previous to his going to battle was the delectably mysterious caption of an old print hanging above the table at Elephant and Castle.
The latte in a bowl also was delectable on this windy Manhattan day.
I had just been reading a novel called Jacket Weather by current New York literary darling Michael DeCapite, in which Elephant and Castle figures prominently. It’s pretty cool when you not only know the location of a place in a book but can go there on a whim, especially having been there before during another different era. I first ate at the British-pubb-ie brunchie spot decades ago, when you only had to lay out 10 bucks or so to eat Eggs Benedict with a bloody mary. DeCapite writes about Mike resuming a relationship with June, now both middle aged, having first met in the 1980s when they were in their 20s.
He finds himself madly in love as a geezer. The book contains torrents of emotion and sex, leavened by jibing banter with the old guys at the local gym, and Italian home recipes. Worth a read, even if you can’t go for a bowl of latte. His author photo has him in a probably staged pose at what would appear to be the Chelsea Hotel. Or maybe not.
Christmas is over! Hooray! Now we can be funny again. And somber again. Just not squeezed-from-a-tube, tinny, pro forma holiday. Oh, there’s one more hurdle on the way to normalcy. New Years. For a non drinker somewhat on the “grey stone” side, though there are other substances of course. (You’ll have to look that up.)
New York City is returning to its pre-Christmas energy. A model changed her clothes on the street in a popup tent.
Emerged from the chrysalis ready for her 15 seconds of fame. Traipsed off with her handlers to wherever the real party was.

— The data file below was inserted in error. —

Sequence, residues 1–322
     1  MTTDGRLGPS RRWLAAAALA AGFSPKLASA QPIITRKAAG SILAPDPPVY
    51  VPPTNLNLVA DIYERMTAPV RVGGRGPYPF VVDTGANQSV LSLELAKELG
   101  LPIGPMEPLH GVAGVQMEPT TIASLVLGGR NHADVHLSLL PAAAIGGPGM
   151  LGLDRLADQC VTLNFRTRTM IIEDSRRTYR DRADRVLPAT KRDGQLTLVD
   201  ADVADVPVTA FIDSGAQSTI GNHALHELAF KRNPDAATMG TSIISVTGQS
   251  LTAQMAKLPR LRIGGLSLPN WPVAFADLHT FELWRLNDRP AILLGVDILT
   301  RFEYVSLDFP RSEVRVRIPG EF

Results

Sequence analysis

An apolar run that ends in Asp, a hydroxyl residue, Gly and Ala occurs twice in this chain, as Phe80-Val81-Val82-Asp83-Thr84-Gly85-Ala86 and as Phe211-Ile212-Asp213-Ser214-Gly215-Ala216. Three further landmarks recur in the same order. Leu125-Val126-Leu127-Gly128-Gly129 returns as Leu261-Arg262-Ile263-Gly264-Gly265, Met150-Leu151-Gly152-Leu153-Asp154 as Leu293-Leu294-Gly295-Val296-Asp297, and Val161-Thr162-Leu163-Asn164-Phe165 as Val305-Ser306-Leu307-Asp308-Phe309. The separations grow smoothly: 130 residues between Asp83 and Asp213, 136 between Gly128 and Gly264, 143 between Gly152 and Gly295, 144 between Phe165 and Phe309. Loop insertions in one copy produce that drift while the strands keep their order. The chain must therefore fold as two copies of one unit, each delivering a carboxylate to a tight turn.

Around the corner, people could fight all they wanted.
In SoHo shops, tourists from foreign lands were exchanging expensive apparel for other expensive apparel.
Joel Coen’s The Tragedy of Macbeth presented itself at the Angelika Theater with all its studious black and white shadows, overhyped and overacted, but hey, it featured words by our biggest 400-year-old genius, so what could be wrong?
What a witch! Didn’t they have Christmas back then? The clothes looked expensive. And the orange blossom macaron at Angelika’s cafe proved worth the trip to Hollywood.
Up Sixth Avenue, satire ruled with the ongoing Banksy exhibit. A lot of people know the enigmatic artist’s probably most famous work, the image of a young girl letting go of a heart-shaped balloon, which was first painted under the stairs at South Bank.
You can get it silkscreened on a T shirt. There is of course much more to his oeuvre.
The stencils on outdoor walls are still the best, I think.
I liked this 2020 doormat with its message made out of refugee life vests.
Playfully snarky and unapologetically political, Banksy is, as I said, an enigma. Going out,I asked the coatcheck girl if his identity had been somehow revealed in the show. “He’s very mysterious,” she said mysteriously. “I highly doubt it.”
Funny, the show opens with a view of “his studio”.
I was waiting for the bathroom and listening to a conversation in the office next to me behind some black curtains. Inside, surely another Banksy.
The inside of the bathroom door was of course an homage to graffiti, which Banksy loves.
More political whimsy and snark, now that spiritual jubilation and reindeers are no longer the order of the day: Don’t Look Up, the newest take on the end of the world, played kind of like The Day After Tomorrow if the ocean liner floated down Fifth Avenue alongside a bunch of oversized rubber duckies. In this movie, DiCaprio is hilarious, Streep is hilarious, Jonah Hill is hilarious, Mark Rylance is the most hilarious, Timothee Chalamet is too cute and Jennifer Lawrence is Jennifer Lawrence.
Hits the spot just about now, I’d say.
So Christmas is over. Tree in the corner begging me to leave her up another month. Well, since you implore, okay. Tree sprites always get their way.
Soon it’s gonna be a new year. Maybe I’ll do some things differently. No, definitely.